Saturday, June 22, 2013

Copyright Law - First Circuit - Christmas Carol Chaos in Puerto Rico?

Music Licensing, Copyright Infringement, Declaratory Judgments, Competing Copyright Claims, Exclusion of Evidence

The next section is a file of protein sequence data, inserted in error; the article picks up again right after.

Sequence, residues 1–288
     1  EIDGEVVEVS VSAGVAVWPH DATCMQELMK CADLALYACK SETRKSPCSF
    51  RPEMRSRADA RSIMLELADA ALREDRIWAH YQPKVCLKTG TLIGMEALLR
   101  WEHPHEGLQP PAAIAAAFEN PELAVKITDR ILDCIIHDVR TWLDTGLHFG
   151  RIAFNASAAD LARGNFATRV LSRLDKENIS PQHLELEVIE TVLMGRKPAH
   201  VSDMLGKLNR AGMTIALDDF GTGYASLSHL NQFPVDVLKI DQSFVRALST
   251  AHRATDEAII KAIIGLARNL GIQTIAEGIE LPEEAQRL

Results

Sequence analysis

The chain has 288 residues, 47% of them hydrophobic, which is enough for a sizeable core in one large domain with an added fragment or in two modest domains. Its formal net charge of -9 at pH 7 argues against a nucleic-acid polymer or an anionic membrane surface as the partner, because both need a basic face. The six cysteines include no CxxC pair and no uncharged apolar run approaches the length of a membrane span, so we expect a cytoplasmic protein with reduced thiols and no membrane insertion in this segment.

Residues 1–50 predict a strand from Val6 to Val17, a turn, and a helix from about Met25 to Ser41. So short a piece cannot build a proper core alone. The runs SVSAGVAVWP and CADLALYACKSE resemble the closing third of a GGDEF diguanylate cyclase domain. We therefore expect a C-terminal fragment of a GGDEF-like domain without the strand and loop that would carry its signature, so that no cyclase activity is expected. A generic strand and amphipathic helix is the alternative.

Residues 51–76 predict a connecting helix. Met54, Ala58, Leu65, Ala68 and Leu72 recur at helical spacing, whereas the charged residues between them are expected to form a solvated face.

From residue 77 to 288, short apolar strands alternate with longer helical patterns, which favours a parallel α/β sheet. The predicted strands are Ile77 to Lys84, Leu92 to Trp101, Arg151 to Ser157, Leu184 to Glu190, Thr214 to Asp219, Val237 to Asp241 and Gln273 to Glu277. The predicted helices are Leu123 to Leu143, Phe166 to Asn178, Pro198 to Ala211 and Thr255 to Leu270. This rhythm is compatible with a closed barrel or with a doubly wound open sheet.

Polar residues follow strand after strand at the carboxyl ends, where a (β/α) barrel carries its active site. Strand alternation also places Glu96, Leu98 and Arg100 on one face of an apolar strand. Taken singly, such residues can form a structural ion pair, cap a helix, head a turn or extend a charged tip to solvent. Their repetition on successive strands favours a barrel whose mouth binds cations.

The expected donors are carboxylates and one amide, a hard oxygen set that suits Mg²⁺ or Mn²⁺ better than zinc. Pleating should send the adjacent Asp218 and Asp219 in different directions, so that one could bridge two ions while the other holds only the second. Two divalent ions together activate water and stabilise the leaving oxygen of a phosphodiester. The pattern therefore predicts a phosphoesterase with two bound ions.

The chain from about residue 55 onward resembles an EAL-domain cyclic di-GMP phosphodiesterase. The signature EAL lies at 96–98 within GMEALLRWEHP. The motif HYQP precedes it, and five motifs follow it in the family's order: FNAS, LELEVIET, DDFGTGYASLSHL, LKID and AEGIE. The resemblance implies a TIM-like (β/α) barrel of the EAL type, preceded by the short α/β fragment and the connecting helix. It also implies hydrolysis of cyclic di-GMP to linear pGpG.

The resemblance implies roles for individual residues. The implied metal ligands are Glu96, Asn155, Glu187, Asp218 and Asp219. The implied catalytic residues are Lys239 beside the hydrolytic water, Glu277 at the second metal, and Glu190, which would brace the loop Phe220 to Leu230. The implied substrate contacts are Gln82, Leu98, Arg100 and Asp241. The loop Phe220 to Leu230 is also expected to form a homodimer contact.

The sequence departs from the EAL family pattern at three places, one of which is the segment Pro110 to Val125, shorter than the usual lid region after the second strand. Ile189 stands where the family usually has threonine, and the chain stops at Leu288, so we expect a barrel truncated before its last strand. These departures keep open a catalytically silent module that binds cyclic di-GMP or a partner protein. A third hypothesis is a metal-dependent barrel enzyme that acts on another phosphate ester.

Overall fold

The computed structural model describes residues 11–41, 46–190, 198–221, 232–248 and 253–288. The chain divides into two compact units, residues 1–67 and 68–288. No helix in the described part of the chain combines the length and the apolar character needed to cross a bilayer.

Banco Popular de Puerto Rico v. Asociacion de Compositores y Editores de Musica Latinoamericana (ACEMLA), 678 F.3d 102 (1st Cir. May 11, 2012).   Banco Popular produced a series of Christmas concerts from 1993 to 1999 featuring Puerto Rican musicians.  Banco Popular decided to seek retroactive copyright licenses (performance, mechanical or synchronization) starting in 1999.  Upon reaching a settlement with one purported licensor, other purported licensors issued cease and desist letters, each claiming to have exclusive rights in songs that the first purported licensor purported to own.  In 2001, Banco Popular sued for a declaratory judgment and deposited royalties into court, seeking direction from the court on who to pay.  Various purported licensors sued for copyright infringement.  Resulting litigations took nine years.  In the middle of a jury trial, one party found new evidence that the University of Puerto Rico owned one of the copyrights, the district judge excluded the evidence because it would disrupt the trial.  The First Circuit affirmed in all respects, the byzantine opinion is noteworthy only as a cautionary tale:  get the rights and investigate the copyright holders before you throw the concerts and sell the CDs!
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